Miss Ann Maury was born and raised in England to an English mother and an American father. James Maury, her father, was consul at Liverpool from 1790 to 1829. She kept a diary, and part of it has been published, from the 1830s after her family moved (back) to the United States.
She writes that her American friends asked her to tell them what she thought of the United States, and among her comments is this observation:
Education is distributed here more equally as money & every other comfort is the result so that such persons as Mechanics, Tradesmen, Farmers &c. are better educated than the same class in England & certainly they claim & are entitled to a higher station in society here, but there are very few indeed who receive that high education which is given to so many at the English universities. Some attribute to that cause the appearance of so little American literature, but I think there is another reason for that, namely the cheapness with which books written in England can be published here. The publisher has only to purchase a copy to print from & all he wants is a moderate profit upon the paper & printing. He has nothing to pay the Author – but when an American Author applies to the Book-seller, he expects to receive some remuneration for his labours in addition to the publishers profit spoken of above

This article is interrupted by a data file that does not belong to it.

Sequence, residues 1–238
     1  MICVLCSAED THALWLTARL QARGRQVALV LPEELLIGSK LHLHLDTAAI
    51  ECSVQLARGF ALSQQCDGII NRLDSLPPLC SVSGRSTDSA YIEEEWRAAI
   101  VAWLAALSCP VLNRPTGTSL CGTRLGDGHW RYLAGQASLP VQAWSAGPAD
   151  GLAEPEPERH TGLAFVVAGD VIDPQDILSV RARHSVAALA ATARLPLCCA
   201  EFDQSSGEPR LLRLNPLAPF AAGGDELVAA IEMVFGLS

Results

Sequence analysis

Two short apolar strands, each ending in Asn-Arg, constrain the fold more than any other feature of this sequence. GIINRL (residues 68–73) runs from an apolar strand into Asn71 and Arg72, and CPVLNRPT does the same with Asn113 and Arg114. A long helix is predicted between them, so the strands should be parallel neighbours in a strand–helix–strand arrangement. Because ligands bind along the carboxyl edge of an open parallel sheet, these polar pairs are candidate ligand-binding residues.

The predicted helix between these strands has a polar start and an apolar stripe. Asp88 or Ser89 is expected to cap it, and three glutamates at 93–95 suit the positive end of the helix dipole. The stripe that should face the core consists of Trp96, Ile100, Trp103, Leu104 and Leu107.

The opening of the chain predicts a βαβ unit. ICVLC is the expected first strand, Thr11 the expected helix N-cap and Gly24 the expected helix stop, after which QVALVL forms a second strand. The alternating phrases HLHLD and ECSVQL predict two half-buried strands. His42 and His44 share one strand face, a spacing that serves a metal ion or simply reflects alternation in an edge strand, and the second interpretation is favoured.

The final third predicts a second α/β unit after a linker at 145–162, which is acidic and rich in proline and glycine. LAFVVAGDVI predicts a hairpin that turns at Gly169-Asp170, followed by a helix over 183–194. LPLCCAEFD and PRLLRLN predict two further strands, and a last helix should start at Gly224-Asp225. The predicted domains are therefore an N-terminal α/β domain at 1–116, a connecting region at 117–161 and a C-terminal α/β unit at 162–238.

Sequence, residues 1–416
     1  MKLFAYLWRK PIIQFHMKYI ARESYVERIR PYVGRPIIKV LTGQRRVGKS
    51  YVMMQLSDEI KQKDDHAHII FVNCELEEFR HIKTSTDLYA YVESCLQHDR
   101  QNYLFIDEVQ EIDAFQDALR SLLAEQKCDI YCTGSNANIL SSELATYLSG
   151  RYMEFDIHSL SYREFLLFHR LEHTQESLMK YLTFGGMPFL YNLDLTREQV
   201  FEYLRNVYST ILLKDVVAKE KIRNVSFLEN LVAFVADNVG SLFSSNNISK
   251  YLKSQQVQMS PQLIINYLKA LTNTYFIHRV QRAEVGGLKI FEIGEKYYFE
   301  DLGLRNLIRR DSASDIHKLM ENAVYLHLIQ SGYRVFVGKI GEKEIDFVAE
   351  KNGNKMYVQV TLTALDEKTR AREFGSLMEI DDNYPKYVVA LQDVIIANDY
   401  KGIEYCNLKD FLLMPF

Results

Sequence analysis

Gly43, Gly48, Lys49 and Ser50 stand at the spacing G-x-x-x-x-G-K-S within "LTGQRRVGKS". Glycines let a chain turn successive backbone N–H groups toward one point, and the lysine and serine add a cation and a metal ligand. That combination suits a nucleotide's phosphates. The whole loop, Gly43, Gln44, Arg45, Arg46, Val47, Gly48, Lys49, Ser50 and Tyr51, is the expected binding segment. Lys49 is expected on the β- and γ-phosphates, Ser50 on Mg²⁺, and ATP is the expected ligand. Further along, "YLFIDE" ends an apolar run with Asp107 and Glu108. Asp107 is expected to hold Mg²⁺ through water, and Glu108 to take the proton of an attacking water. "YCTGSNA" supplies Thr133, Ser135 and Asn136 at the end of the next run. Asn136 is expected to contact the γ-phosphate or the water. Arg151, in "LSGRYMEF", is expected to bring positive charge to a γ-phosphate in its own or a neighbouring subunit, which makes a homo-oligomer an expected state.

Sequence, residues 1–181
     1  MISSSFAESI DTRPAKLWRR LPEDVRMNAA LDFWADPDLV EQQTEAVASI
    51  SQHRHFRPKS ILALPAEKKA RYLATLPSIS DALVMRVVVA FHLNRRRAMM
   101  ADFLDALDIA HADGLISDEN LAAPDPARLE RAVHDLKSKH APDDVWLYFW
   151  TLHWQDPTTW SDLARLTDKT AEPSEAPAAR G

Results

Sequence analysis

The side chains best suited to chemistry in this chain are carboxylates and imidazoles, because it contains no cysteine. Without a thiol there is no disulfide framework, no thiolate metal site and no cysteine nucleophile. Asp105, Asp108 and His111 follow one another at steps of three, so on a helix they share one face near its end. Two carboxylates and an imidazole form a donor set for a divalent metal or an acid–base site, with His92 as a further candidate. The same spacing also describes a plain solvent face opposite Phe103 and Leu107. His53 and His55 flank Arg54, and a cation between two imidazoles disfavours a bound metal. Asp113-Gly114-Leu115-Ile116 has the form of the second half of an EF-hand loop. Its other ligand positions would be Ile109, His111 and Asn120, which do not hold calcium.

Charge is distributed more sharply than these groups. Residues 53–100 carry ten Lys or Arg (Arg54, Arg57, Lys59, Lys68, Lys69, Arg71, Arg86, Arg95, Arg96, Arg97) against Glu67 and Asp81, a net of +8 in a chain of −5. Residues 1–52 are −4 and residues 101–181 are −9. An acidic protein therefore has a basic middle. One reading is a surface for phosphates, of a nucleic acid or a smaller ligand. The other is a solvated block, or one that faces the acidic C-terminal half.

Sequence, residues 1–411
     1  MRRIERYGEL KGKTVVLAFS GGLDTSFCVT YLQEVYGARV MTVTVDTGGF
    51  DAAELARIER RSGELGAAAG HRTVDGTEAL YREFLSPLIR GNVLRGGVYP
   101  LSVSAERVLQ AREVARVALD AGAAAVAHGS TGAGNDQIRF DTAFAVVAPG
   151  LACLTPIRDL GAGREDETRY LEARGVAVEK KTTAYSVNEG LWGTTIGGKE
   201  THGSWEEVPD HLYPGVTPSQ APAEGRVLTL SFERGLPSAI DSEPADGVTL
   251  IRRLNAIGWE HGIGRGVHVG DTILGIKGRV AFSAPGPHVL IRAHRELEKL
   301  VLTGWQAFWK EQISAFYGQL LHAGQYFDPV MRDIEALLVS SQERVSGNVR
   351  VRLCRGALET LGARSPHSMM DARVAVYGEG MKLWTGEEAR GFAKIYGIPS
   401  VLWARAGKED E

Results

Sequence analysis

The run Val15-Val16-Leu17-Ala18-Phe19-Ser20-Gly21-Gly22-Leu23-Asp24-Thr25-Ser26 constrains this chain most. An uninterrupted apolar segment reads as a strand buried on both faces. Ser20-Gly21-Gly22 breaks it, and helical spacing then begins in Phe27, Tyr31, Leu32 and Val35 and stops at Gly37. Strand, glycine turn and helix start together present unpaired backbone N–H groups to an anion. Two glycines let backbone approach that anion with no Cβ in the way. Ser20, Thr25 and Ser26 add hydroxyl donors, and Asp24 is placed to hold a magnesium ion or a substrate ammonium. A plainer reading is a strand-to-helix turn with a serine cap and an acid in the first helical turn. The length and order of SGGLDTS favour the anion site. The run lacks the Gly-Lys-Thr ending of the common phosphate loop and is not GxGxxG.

Ann Maury, diary, as quoted in Intimate Virginiana: A Century of Maury Travels by Land and Sea, Anne Fontaine Maury, ed (Richmond, VA: The Dietz Press, 1941) 199-200.